Tackling the surfeit of data
I’ve written before here about Higher Education regulation (see for example this general commentary and this post on information provision) and the excess of information provision available to prospective students.
It’s pleasing therefore to see that HEFCE is undertaking a review of providing information about higher education. The aims of the review are set out as follows:
The review will aim to ensure that:
- wherever possible, the different elements of the provision of information fall within a coherent framework, across UK institutions
- we gather sound evidence to help us form the future information
- the outcomes of different mechanisms suit the issues they are designed to address
- information is usable and accessible, and that we are able to make the best use of technology to facilitate this in the future.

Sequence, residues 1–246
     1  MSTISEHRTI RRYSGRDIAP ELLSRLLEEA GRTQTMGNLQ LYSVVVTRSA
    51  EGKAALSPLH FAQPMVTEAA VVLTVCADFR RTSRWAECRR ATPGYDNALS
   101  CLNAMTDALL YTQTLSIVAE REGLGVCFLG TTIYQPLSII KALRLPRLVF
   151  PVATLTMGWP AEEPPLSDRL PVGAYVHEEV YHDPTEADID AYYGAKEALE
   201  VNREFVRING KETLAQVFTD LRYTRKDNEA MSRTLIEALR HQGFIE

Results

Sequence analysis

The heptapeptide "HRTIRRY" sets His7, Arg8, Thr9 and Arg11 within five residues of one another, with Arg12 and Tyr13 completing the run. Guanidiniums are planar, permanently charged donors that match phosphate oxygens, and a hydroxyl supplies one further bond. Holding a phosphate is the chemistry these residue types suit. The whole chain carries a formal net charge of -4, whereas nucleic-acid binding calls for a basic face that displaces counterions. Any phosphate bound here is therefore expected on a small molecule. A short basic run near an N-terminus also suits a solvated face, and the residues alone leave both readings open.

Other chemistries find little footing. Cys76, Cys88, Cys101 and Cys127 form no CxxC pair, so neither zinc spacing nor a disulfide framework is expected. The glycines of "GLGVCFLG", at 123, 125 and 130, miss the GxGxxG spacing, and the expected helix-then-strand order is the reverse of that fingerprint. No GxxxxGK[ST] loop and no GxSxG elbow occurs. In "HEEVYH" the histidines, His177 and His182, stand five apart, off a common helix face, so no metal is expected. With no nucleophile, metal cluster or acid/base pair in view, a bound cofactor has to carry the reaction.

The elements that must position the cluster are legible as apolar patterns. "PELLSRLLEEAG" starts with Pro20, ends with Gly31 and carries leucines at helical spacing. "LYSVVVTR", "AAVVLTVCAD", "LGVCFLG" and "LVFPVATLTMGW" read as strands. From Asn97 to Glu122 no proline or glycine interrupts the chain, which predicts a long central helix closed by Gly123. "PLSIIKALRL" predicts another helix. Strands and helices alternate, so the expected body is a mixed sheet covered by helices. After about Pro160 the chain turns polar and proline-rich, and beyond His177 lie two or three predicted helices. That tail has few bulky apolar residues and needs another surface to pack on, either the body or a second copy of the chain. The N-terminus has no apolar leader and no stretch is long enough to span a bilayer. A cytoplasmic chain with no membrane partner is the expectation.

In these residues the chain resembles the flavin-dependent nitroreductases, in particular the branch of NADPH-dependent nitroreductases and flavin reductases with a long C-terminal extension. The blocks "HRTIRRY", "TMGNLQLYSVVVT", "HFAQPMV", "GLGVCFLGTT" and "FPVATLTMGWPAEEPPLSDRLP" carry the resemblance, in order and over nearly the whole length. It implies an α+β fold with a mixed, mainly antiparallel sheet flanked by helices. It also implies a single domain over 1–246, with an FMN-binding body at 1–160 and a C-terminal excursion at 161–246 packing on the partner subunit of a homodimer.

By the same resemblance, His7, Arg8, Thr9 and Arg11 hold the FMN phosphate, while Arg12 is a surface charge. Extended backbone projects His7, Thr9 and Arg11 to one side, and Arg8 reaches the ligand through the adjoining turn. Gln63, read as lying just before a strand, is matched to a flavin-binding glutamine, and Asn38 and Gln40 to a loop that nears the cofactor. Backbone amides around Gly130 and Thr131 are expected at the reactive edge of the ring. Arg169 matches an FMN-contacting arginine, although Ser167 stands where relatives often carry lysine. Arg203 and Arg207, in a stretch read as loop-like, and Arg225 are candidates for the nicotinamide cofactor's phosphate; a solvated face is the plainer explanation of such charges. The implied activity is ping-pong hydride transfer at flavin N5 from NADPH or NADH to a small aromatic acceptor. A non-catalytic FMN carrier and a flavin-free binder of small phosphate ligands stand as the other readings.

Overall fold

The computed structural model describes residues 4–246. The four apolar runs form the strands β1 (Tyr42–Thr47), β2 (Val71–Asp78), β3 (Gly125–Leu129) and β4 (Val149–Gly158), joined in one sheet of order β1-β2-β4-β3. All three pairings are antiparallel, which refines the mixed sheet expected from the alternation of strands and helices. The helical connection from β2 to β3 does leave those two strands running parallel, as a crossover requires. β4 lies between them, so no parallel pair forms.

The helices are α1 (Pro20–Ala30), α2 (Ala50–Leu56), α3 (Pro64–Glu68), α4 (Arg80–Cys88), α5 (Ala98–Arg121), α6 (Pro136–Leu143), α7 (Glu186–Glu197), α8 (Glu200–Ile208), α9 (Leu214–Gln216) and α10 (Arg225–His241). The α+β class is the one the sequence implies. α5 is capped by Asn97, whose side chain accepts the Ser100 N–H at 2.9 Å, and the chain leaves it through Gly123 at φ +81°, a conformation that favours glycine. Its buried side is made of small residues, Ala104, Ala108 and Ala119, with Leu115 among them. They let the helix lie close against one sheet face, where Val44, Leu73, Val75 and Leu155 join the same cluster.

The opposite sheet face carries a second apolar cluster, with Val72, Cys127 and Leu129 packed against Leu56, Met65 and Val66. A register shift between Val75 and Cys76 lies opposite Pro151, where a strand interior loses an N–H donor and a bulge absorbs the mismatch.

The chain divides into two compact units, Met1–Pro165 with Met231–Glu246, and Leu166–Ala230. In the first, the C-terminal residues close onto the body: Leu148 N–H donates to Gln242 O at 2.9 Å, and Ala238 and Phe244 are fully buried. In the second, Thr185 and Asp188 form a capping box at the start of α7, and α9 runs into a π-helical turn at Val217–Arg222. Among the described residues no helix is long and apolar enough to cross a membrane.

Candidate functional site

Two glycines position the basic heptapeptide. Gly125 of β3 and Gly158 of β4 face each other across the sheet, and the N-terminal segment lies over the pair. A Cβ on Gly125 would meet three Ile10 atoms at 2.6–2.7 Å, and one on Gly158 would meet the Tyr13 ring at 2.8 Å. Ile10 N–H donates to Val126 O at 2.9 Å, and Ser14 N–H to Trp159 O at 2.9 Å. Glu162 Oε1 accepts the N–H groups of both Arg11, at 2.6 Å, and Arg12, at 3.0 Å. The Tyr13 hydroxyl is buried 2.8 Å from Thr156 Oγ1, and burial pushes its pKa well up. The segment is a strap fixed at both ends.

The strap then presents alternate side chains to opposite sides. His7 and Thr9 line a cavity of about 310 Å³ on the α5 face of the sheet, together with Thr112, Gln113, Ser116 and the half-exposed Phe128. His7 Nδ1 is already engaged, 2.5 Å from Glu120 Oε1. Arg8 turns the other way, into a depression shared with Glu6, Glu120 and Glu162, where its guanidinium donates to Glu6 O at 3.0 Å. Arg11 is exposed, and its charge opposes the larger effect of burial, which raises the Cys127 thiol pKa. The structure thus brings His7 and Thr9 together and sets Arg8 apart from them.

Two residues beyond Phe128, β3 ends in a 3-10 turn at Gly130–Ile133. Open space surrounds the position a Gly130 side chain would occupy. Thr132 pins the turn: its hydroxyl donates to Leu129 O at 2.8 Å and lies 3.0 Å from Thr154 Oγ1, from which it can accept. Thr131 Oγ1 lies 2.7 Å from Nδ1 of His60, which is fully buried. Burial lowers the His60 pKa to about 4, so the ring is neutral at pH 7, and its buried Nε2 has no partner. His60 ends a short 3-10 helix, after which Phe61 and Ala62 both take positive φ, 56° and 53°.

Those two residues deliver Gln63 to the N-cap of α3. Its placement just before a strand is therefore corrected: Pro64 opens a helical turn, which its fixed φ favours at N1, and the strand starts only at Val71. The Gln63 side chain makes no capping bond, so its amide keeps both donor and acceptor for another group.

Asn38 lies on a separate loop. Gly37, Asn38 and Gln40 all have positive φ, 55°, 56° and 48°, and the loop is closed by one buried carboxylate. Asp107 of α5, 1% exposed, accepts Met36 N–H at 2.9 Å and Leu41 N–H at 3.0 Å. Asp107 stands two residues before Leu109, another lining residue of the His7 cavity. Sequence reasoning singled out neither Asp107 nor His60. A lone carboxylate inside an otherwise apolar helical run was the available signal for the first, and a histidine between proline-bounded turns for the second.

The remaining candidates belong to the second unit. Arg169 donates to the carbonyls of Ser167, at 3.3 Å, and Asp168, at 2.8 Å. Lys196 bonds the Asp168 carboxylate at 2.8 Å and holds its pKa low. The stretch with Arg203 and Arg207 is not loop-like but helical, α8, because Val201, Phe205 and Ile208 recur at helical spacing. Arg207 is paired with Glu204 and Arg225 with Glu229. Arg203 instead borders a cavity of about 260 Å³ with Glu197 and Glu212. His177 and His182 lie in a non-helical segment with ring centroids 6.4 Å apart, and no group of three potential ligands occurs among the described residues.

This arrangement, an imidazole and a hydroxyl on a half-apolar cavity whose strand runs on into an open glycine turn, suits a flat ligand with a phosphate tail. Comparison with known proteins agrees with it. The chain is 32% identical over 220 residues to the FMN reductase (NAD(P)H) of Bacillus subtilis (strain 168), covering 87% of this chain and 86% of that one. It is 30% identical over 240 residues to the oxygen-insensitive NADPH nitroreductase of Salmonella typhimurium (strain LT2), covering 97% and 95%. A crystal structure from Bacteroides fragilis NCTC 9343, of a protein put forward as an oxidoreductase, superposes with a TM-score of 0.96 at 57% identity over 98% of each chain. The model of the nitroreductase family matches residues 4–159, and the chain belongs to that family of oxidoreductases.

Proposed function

The review will reflect on how much this area of our work costs the public purse. It will also consider the role of a range of organisations in providing independent, contextualised, robust, comparable and usable information.
The review will look at the purpose and use of NSS results, at the Unistats site and the Key Information Set data as well as the Destination of Leavers from Higher Education (DLHE) survey. It is also going to examine how this data is used by prospective students. If all goes well this should be an extremely valuable piece of work and will, it is to be hoped, result in a significant reduction in the quantity of data collected and published (and the bureaucratic burden on universities) in favour of an improvement in the quality of information available to applicants.
A long way to go but let’s hope that the group overseeing the work, the Higher Education Public Information Steering Group (HEPISG, from which acronym I’m afraid I still derive puerile amusement) will do its job well and we will see some real change in this area.